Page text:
On August 30, 2023, the United States Department of Labor (DOL) issued a Notice of Proposed Rulemaking that, if approved, would increase the number of workers entitled to overtime compensation by more than three million workers.  The proposed rule was published in the Federal Register on September 8, 2023, and is subject to a sixty (60) day comment period, which expires on November 7, 2023.

The specific language of the proposed rule can be found on the DOL’s website: Wage and Hour Division, Overtime NPRM.

Overtime Under the Fair Labor Standards Act—

The Fair Labor Standards Act (FLSA) requires employers to pay employees a minimum wage (currently $7.25 an hour) and, for employees who work more than forty (40) hours in a week, overtime compensation of at least 1.5 times the employee’s regular rate of pay.  The FLSA exempts from the minimum wage and overtime pay requirements “any employee employed in a bona fide executive, administrative, or professional capacity.”  The employee’s “primary duty” must be the performance of exempt work.  The term “primary duty” means the principal, main, major, or most important duty that the employee performs.  This exemption is commonly referred to as the “white-collar” or executive, administrative, or professional (EAP) exemption.

In 2004, the DOL modified the FLSA regulations to establish an exemption for highly compensated employees (HCE), which applies when an employee receives a very high annual compensation.  In such situations, the employee will be classified as exempt from the overtime pay requirements based on a “minimal duties” test instead of the primary duties analysis for EAP exempt employees.  The purpose of the HCE exemption is to offer a streamlined alternative for highly compensated employees because a very high level of compensation is a strong indicator of an employee’s exempt status, thus eliminating the need for a primary duties analysis.

Anticipated Changes to the Fair Labor Standards Act Regulations—

  1. The EAP Exempt Employee Salary Level Test—

The DOL utilizes a three-prong test to determine whether an employee is a bona-fide executive, administrative, or professional employee eligible for the EAP exemption.  For an employee to be exempt, the employee must: (1) be paid a predetermined and fixed salary not subject to reductions based on the quality or quantity of work performed (“salary basis test”), (2) be paid a salary amount meeting the minimum threshold amount determined by the Secretary of Labor, (“salary level test”), and (3) primarily perform executive, administrative, or professional duties (“duties test”).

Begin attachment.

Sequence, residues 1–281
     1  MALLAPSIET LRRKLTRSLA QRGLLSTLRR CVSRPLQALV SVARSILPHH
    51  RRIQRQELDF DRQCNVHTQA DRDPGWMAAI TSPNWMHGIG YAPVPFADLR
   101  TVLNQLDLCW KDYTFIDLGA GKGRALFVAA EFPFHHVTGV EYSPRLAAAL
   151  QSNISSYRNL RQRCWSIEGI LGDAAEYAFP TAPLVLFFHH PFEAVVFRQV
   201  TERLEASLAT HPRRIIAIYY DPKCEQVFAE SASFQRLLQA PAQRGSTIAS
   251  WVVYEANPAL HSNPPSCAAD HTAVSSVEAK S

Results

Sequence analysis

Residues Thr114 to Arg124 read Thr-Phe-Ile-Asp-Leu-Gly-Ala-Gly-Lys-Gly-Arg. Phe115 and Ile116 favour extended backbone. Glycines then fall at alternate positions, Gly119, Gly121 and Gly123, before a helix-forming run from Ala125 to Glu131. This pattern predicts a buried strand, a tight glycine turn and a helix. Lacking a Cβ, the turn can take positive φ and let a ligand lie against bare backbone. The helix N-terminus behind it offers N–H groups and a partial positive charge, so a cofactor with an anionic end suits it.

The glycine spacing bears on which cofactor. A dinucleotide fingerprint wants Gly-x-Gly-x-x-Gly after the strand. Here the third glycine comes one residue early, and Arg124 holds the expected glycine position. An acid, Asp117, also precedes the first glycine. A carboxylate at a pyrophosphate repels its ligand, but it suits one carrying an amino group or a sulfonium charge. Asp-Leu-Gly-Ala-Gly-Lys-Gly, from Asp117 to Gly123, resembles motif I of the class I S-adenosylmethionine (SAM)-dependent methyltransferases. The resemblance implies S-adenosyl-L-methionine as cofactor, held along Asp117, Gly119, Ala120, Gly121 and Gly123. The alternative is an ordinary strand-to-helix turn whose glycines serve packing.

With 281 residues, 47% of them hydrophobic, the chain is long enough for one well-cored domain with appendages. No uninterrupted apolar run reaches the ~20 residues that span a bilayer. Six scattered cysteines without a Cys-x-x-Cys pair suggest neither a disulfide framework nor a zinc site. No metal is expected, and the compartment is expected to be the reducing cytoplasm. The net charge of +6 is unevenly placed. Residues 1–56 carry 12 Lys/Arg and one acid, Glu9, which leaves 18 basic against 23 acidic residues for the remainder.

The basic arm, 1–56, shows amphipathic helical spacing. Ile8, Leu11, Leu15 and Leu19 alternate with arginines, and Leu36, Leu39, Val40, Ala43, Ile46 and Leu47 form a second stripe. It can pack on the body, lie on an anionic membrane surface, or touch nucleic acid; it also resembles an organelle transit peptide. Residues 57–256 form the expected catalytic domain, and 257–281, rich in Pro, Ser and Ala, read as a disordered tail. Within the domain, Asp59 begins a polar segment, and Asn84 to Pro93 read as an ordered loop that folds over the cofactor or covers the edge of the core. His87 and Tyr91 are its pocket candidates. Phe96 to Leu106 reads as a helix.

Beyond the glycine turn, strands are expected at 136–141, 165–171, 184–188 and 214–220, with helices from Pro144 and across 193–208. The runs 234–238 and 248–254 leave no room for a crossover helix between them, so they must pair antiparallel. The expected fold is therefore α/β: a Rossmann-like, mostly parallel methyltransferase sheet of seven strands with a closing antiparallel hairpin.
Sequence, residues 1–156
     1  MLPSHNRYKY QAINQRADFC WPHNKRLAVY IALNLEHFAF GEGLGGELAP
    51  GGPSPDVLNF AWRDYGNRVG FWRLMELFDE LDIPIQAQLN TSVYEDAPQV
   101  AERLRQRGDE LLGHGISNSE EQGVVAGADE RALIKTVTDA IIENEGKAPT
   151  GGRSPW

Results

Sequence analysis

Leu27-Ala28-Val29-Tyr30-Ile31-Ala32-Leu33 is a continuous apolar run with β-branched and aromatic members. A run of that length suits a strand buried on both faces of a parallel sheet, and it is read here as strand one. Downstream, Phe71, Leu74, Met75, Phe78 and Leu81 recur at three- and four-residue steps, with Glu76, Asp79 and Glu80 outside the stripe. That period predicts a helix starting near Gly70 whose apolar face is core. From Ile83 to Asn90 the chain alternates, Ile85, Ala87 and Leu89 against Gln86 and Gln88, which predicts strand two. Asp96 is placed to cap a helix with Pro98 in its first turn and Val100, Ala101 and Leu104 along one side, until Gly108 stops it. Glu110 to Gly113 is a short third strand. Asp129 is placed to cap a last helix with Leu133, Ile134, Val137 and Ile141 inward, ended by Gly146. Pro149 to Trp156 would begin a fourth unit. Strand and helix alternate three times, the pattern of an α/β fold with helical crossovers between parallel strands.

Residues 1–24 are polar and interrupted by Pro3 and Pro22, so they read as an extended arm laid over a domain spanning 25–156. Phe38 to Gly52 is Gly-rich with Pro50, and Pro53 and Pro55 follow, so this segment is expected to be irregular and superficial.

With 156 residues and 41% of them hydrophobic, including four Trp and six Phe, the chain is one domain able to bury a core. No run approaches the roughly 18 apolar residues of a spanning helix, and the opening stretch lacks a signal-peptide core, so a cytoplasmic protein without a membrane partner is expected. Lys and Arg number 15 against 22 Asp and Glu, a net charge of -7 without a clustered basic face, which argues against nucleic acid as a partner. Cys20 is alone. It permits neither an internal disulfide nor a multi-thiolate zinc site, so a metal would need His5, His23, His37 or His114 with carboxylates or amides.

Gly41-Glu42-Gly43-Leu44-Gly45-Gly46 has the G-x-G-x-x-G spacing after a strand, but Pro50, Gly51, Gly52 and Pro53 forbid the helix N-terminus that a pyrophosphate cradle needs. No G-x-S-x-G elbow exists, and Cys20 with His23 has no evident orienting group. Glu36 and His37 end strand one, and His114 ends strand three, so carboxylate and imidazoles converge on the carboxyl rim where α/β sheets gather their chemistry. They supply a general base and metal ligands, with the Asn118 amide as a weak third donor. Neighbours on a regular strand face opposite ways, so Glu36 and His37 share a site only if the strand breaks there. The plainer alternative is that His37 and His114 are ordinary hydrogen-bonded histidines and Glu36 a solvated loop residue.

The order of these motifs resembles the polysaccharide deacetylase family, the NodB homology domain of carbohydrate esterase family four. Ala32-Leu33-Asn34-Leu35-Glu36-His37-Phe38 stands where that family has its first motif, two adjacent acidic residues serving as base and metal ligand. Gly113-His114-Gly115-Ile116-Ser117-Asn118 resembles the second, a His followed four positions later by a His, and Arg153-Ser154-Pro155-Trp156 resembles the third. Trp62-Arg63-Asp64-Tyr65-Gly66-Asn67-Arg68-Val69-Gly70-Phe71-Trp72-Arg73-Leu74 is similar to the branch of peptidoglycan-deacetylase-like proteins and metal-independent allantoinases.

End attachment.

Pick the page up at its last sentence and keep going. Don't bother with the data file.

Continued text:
The proposed rule seeks to increase the EAP exemption’s salary level test amount from $684/week ($35,568 annually) to $1,059/week ($55,068 annually).  The effect of this change would mean that employees receiving a salary of less than $1,059/week would be entitled to overtime compensation, even if they met the other two (2) prongs of the EAP exemption test.

  1. Highly Compensated Employees Exemption—

The proposed rule also seeks to increase the total annual compensation amount for an employee to qualify for the HCE exemption.  The current HCE provision provides that an employee is exempt from the FLSA’s overtime provisions when (1) the employee receives a total annual compensation of $107,432 and (2) regularly performs duties of an executive, administrative, or professional nature.  The term “total annual compensation” includes at the EAP salary level test amount paid to the employee, plus any commissions, nondiscretionary bonuses and other nondiscretionary compensation earned during a 52-week period.  The “total annual compensation” does not include credit for board, lodging, or other facilities, payments for medical or life insurance, or contributions to retirement plans or other fringe benefits.